The easy answer about seed germination time is “not normally overnight.”
One of the most common questions that new gardeners come up with is “how long will it take this seed to get going?” The best answer is “it depends.”
I know that’s not satisfactory… but when you think about all that’s involved for a seed to decide to grow, it’s pretty dang accurate.
Sweet corn, for instance, takes 4-12 days if the germination conditions are right:
- – if the soil temperature is between 60F and 95F
- – if the soil is prepared properly
- – if the planting depth is at an inch
- – if the seed is viable (alive and in the mood to grow)
- – if the birds don’t dig it up and eat it
- – if the seed isn’t too old or too dead to grow
- – if it isn’t overwatered and turned to mush
- – if the right nutrients are present
- – if the right amount of moisture is provided.
This Basil is Ignoring Germination Guidelines
Here’s a basil that popped up after three days. The packet says to expect it in two to three WEEKS. Overachiever? Basil can’t read? Perhaps, or maybe it’s because all the germination conditions were perfect and the seed was in a hurry to get going. Who knows.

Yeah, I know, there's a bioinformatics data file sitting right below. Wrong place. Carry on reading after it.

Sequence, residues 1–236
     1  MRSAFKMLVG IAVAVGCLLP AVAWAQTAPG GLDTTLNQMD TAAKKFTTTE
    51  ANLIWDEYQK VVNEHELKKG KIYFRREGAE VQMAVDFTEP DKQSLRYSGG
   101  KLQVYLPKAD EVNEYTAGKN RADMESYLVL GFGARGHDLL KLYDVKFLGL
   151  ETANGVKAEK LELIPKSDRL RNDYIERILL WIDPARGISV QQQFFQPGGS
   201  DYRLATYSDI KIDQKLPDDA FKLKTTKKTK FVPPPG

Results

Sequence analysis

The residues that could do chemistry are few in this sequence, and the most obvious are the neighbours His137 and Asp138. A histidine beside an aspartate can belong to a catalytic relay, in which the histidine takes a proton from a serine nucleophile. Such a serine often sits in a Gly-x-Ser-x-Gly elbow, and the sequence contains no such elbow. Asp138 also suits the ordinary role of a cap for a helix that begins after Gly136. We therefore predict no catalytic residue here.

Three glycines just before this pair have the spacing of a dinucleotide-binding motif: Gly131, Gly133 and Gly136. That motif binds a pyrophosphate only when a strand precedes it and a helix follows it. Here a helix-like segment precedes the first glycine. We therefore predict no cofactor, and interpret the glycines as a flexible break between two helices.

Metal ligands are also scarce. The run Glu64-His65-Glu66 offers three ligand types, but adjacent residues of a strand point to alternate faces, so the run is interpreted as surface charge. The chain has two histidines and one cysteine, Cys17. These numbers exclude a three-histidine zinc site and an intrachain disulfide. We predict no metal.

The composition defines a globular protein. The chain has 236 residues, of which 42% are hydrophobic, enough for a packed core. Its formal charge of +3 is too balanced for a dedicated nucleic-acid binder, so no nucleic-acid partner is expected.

Maybe it knew I needed more basil.
Germination General Guidelines
I wrote about this earlier, but failed to take my own advice. I figured if I were going to ignore it ( and apparently so is the basil), it bears repeating.
So before you call your friendly seed purveyor in a panic, here are a few germination times for things you might want to grow.
Here, too, is a nifty Seed Germination Guide from Thompson & Morgan, which used to be included with each seed order. I don’t know if they still do that, but it’s a great way to get started.
To your garden success!
Casey – the Garden Lass